Although giving names in Yoruba culture is mainly done by the child’s father, it can also be given by the child’s mother, grandparents, or relatives. It is as such that many people belonging to the ethnicity can have more than one tribal name.

Yoruba names are Classified into Five Categories 

1. Yoruba Destiny names (Orúko Àmútọ̀runwá): names believed to be brought from heaven or gotten from religion. They include:

  • Yewande (mother has returned)
  • Ajayi (born face-down)
  • Dada (father)
  • Kehinde (the second-born of the twins)
  • Taiwo (the first twin to taste the world).
See also  List of Tribes in Adamawa State

2. Yoruba Acquired names (Orúkọ Àbísọ): they include

  • Omotayo (a child of joy)
  • Faderera (one who uses the crown to calm her soul)
  • Ayodele (joy comes home)
  • Omotola (child is wealth, or child is more than wealth)
  • Morenike (I have someone to cherish)
  • Olarinde (wealth has come or greatness has come)

3. Orúkọ Oríkì: names given as tribute and accolade. Some of these names include

  • Ishola (a store of wealth)
  • Alake (one to be honored)
  • Amope (one whose knowledge is complete)
  • Adigun (righteous)
  • Abeke (we begged for her to caress her)

4. Orúkọ Àbíkú: predestined names to children who are believed to be born only to die and caused grieve to their parents. Such names include

  • Kosoko (No hoes to bury this)
  • Kasimawoo (let’s wait and see if this child will live long)
  • Durotimi (wait with me)

4. Orukọ Ìnagijẹ: epithetic names (based on a child’s characteristics). They include:

  • Awelewa (a beautiful one, born in beauty)
  • Akeju (over pampered)
  • Ajisafe (one who wakes up to make fashion)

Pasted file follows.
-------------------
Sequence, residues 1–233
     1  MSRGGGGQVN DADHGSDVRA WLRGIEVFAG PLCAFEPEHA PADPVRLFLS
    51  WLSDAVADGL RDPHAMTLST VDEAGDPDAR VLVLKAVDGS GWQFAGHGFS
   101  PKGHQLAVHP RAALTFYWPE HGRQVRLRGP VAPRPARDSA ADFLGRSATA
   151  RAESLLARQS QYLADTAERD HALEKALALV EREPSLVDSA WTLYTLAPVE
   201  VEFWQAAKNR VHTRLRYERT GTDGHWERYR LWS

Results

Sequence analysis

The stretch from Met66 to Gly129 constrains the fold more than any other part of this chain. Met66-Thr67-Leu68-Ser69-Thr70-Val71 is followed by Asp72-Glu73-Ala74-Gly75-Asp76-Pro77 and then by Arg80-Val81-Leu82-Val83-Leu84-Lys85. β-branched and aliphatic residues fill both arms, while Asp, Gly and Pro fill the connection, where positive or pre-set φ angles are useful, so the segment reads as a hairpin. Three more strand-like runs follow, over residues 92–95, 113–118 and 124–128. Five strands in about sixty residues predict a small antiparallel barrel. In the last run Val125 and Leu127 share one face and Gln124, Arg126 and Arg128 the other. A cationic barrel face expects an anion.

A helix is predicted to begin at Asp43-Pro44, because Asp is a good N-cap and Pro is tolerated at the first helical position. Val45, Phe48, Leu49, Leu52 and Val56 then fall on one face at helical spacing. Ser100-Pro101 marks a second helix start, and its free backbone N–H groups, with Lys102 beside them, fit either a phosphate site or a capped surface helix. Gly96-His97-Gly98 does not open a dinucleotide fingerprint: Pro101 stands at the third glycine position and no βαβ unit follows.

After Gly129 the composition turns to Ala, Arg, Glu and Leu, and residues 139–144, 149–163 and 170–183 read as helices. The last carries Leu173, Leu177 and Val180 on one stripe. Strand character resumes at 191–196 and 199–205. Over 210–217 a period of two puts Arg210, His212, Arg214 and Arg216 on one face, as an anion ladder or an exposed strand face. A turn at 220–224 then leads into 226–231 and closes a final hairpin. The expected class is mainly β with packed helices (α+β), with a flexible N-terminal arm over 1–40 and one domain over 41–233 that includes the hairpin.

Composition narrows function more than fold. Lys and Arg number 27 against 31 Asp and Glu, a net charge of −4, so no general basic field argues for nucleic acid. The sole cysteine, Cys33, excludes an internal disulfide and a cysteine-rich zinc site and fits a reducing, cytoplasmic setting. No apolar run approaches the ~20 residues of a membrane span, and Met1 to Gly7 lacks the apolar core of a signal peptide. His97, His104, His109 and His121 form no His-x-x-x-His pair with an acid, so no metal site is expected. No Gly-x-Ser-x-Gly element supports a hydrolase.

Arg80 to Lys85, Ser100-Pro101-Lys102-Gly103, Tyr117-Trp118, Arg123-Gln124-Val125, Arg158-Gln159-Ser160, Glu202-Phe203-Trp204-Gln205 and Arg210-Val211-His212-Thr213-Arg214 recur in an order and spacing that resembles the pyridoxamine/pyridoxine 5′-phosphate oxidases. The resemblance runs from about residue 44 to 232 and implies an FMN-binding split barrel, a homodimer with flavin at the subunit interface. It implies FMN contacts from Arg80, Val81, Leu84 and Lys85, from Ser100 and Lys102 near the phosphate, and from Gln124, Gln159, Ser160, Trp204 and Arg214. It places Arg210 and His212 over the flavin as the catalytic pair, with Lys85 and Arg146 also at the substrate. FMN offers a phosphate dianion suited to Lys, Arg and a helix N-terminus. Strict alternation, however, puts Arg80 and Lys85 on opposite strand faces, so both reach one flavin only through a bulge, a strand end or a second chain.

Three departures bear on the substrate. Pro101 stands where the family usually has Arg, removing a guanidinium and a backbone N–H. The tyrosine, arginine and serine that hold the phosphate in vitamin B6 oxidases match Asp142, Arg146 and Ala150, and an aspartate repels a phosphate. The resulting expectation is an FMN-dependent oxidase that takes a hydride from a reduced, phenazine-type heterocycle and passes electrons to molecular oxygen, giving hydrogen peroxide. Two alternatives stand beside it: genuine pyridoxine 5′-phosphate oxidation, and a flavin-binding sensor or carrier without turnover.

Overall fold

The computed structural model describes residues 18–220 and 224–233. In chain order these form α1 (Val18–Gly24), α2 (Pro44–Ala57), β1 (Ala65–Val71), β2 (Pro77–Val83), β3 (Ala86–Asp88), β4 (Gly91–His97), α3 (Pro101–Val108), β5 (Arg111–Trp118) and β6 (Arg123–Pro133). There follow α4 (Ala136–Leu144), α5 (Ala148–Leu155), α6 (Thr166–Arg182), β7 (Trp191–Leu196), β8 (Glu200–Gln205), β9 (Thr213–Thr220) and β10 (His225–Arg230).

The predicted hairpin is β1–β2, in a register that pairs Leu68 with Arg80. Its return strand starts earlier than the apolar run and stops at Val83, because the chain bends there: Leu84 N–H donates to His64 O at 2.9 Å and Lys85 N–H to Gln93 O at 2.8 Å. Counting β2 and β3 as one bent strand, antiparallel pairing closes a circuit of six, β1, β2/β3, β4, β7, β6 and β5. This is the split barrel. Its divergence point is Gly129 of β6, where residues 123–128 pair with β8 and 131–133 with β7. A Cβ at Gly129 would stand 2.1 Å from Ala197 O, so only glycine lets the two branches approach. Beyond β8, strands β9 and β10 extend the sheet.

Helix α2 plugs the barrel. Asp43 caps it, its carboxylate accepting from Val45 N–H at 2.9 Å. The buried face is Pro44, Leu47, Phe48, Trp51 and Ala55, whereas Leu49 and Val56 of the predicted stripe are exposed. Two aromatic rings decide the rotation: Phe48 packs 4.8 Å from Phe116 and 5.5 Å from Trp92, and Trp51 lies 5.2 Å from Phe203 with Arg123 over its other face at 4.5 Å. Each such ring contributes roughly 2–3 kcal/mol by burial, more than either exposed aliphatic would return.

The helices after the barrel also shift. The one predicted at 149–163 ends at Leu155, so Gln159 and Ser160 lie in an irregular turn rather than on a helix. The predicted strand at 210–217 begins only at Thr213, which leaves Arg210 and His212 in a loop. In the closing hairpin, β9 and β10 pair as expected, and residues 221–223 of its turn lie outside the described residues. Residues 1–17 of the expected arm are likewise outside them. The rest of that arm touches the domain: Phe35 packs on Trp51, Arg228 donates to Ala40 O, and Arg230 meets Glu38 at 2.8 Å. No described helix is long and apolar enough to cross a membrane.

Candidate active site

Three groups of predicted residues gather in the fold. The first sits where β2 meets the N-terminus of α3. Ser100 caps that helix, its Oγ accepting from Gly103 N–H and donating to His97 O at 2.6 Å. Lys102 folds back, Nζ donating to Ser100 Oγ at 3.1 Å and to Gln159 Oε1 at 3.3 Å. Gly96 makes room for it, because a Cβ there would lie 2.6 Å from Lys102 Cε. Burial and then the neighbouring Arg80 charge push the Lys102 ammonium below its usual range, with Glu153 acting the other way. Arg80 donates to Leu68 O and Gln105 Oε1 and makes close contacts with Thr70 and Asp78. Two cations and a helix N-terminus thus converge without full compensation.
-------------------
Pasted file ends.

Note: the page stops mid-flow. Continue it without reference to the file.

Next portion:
Yoruba Laws

Ofin, which means law in Yoruba, has been in existence for as long as the origin of the Yoruba people. The law first operates based on the existence of God, known as Olodumare. It is believed that the Oludumare has sealed in the heart of men the way to live, which is known as ifa-aya (oracle of the heart). It is believed that what Olodumare seals can help a man live a pleasing, joyful, and fulfilled life.

In a typical Yoruba community, the law that guards morals is one of the most important. This law is against stealing, cheating, telling lies, and being wicked to another. As such, the people have some proverbs to serve as a reminder. They include:

  • Eke o sunwon ara eni – Falsehood is not right for one
  • B’eniyan ba nyo’le da, ohun buburu a maa yo won se – If anyone surreptitiously breaks a covenant, ills covertly will befall him.

The elders of Yorubaland are saddled with the responsibility of seeing that laws are not broken, and when they do, these elites primarily serve as resolute. The people back this with a proverb: “agba kii wa l’oja, k’ori omo titun wo (elders in the market will never allow a newborn baby’s head to go astray).

Yoruba Marriage Rites

Marriage is an essential aspect of the lives of the Ọmọ Odùduwà. Families are formed through marriages, and generations are extended. There are several steps to follow before one traditionally becomes married in a typical Yoruba community. They include the following stages:

Stage 1: Identify the woman

This stage is the identification of the woman a man intends to marry, which is followed by a courtship. Although the man finds the woman of his choice in most cases, it is not totally out of place for him to ask his parents to help him find a good woman. Other family members or friends may also recommend a woman, but it is not necessarily a must to marry her.

Stage 2: Invite the middleman to make findings of the woman

After the man successfully finds himself a woman, he involves his friends or a mutual friend to approach her on his behalf. This middleman, traditionally known as alarina, meets the woman to make the intention of the man who wishes to marry her known. Also, the middleman can make inquiries about the woman and her background before taking the step of meeting her parents formally.

Stage 3: Visit the woman’s parents and pay the bride price

Parents from both the intending couple’s side should be informed about the intention of their children. In this case, the man’s parents formally visit the woman’s parent to make the intention of their child known through introduction (mo mi mo e – know me and let me know you).

The woman’s family presents the Eru Iyawo (bride’s list) to the groom and his parents before the traditional engagement. The list often contains kola nut, palm oil, yam, bride price (owo ori), and alligator pepper, among other things.